I slept in as long as I could Thursday morning and I spent much of my time listening to a recording of the Hunger Games on Youtube. Since I started the first book in the Barns & Noble on Monday, I had been finding time slots here and there to listen to the series on Youtube. It would not be my first choice, I would much rather be holding a book in my hand, but considering I did not have a choice in getting to a library anytime soon, and that I had lots of free time, I utilized my resources. I had finished the first two books and was only a couple chapters into Mocking Jay.

Around 2:30 p.m. Leah (from the singles ward) picked me up and we headed to Hershey, Pennsylvania. We chatted on the car ride there, and I enjoyed her company. I wished I had longer to spend time with everyone from the ward. They are such a lively and accepting group. Time is a luxury that I did not have.

 Once we arrived, we first visited Chocolate World. Inside is an amusement ride all about how the chocolate is made. The best part was the reoccurring singing cows. They provided a lot of amusement for me as they sang their songs about chocolate.
 After the ride everyone was given a free sample of chocolate. The thought crossed my mind to go again, don't worry, I didn't. Inside Chocolate World there was a gift shop, a station to create your own candy bar wrappers, and a cafeteria.

 Leah and I decided that it would be nice to get a treat. We purchased some fudge for later, and an ice cream sundae for the moment. It was delicious. I think there was just as much whipped topping as there was ice cream. Of course this was a brilliant idea to down all of this just before going outside to the amusement park.
I found the world's largest Hershey's bar!
It has a net weight of 5 lbs!

When we had nearly made ourselves sick, we ventured out to see what the amusement park had to offer. The weather was a bit temperamental and there was a warning that some serious rain showers were coming in. People were flooding out of the park, as many of the rides had been shut down. We waited outside to find out if it would be worth our time and money to get in. I don't recall how long we waited (maybe an hour?) to hear if the entire park was going to be closed, but since the stormed looked like it was just going to be dark clouds looming ominously in the distance, the rides started opening again.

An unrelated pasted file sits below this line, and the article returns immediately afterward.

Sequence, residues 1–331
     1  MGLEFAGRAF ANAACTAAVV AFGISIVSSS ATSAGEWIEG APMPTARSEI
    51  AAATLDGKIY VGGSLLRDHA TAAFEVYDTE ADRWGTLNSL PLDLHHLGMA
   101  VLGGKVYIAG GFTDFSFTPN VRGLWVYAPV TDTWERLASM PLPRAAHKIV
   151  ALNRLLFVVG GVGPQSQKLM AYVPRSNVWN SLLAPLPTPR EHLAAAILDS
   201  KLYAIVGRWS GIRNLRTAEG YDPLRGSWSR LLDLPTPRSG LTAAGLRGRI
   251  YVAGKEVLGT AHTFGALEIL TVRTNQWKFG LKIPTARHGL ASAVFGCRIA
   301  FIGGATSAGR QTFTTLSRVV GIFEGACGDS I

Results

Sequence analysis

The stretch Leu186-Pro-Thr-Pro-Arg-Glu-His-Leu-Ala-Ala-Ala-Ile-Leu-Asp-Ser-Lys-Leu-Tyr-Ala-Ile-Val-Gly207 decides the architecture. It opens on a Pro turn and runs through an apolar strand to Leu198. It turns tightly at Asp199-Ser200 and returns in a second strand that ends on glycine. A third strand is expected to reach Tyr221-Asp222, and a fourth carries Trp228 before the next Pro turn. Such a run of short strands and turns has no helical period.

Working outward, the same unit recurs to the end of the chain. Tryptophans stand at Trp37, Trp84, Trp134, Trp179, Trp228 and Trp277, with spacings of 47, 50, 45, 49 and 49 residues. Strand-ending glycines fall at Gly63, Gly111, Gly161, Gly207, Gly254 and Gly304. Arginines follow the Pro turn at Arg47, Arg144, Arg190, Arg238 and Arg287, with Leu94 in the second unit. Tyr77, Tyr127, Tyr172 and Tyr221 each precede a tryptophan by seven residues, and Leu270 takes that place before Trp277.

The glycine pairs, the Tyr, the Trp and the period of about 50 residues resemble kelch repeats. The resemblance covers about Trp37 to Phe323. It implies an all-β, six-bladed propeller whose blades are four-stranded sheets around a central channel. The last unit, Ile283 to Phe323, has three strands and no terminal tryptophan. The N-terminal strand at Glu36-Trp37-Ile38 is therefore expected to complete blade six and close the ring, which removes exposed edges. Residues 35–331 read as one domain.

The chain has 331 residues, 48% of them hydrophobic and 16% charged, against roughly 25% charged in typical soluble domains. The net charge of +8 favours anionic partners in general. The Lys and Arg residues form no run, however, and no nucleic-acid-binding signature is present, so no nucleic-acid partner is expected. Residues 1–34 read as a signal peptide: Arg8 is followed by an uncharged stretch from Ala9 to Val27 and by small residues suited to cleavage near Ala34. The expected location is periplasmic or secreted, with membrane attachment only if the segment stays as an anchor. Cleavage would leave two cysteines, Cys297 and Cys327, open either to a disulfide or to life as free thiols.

We risked it and paid our way in. Unsure of the amount of time we would have, we hit the biggest rides first. It was fun! We also counted it a blessing that so many people had already left for the day, so it wasn't very crowded at all. We strategically made our way around to the best rides until the weather turned threatening once again.

As it got late, we found a little karaoke recording place.  You basically could choose a song and go into a recording room and sing to the song and get a copy of the CD when you were finished. It had a whole bunch of popular songs that you could choose from and it sounded like a lot of fun. Leah talked me into doing it, and soon we were recording for the song Bubbly by Colbie Caillat. It was a lot of fun and definitely an experience that I am glad I took part of. I don't know if I'd ever do it again, but I enjoyed it that once. I made sure that Leah autographed my CD just for good measure. :)

I am so grateful I had the chance to make memories and have fun. I did things I normally wouldn't do, and I loved it. I need to branch out more to try new things at least once, even if I'm bad at it. It can provide entertainment in the moment, and fond memories for later. It was a good day in Hershey. 

New York City

{Wednesday, August 8, 2012}
Natalie and I spent all day in New York City. The plan was to leave our place at 5:30 a.m. but I made us a few minutes late. Natalie drove us up to White Marsh to catch our Megabus which was to leave at 6:30 a.m.

The goal was to arrive at the stop early as to get a parking place that would leave not getting Natalie’s car towed while we were away. We got a parking space and an early spot in the forming line that would no doubt ensure us a seat together.